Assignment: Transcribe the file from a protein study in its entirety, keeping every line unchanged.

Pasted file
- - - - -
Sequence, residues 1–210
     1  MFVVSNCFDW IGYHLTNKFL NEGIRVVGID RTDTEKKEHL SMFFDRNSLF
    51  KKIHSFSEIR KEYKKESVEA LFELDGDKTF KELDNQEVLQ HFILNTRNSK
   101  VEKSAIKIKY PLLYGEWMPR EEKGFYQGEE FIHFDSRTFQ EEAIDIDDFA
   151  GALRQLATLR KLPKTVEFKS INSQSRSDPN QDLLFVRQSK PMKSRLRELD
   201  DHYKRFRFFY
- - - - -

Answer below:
Sequence, residues 1–210
     1  MFVVSNCFDW IGYHLTNKFL NEGIRVVGID RTDTEKKEHL SMFFDRNSLF
    51  KKIHSFSEIR KEYKKESVEA LFELDGDKTF KELDNQEVLQ HFILNTRNSK
   101  VEKSAIKIKY PLLYGEWMPR EEKGFYQGEE FIHFDSRTFQ EEAIDIDDFA
   151  GALRQLATLR KLPKTVEFKS INSQSRSDPN QDLLFVRQSK PMKSRLRELD
   201  DHYKRFRFFY